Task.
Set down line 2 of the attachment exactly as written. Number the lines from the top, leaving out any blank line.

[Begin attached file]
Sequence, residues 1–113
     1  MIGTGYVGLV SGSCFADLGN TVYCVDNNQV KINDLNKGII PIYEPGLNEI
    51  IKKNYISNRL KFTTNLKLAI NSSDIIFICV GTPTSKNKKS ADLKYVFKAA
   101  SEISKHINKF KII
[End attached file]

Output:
     1  MIGTGYVGLV SGSCFADLGN TVYCVDNNQV KINDLNKGII PIYEPGLNEI